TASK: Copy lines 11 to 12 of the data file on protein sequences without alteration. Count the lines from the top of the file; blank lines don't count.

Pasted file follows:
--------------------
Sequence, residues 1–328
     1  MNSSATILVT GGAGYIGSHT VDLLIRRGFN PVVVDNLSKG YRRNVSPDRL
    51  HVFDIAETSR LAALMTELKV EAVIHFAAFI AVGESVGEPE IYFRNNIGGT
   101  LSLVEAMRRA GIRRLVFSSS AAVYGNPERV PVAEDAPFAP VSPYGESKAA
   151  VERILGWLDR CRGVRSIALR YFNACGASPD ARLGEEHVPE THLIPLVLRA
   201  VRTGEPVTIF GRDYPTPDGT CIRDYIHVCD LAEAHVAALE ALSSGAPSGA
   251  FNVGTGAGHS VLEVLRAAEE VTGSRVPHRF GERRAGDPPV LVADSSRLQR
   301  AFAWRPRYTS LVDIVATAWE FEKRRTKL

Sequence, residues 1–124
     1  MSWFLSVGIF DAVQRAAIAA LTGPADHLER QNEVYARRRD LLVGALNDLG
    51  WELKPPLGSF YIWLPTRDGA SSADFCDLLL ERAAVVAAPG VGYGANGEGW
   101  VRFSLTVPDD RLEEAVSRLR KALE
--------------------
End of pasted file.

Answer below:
    51  WELKPPLGSF YIWLPTRDGA SSADFCDLLL ERAAVVAAPG VGYGANGEGW
   101  VRFSLTVPDD RLEEAVSRLR KALE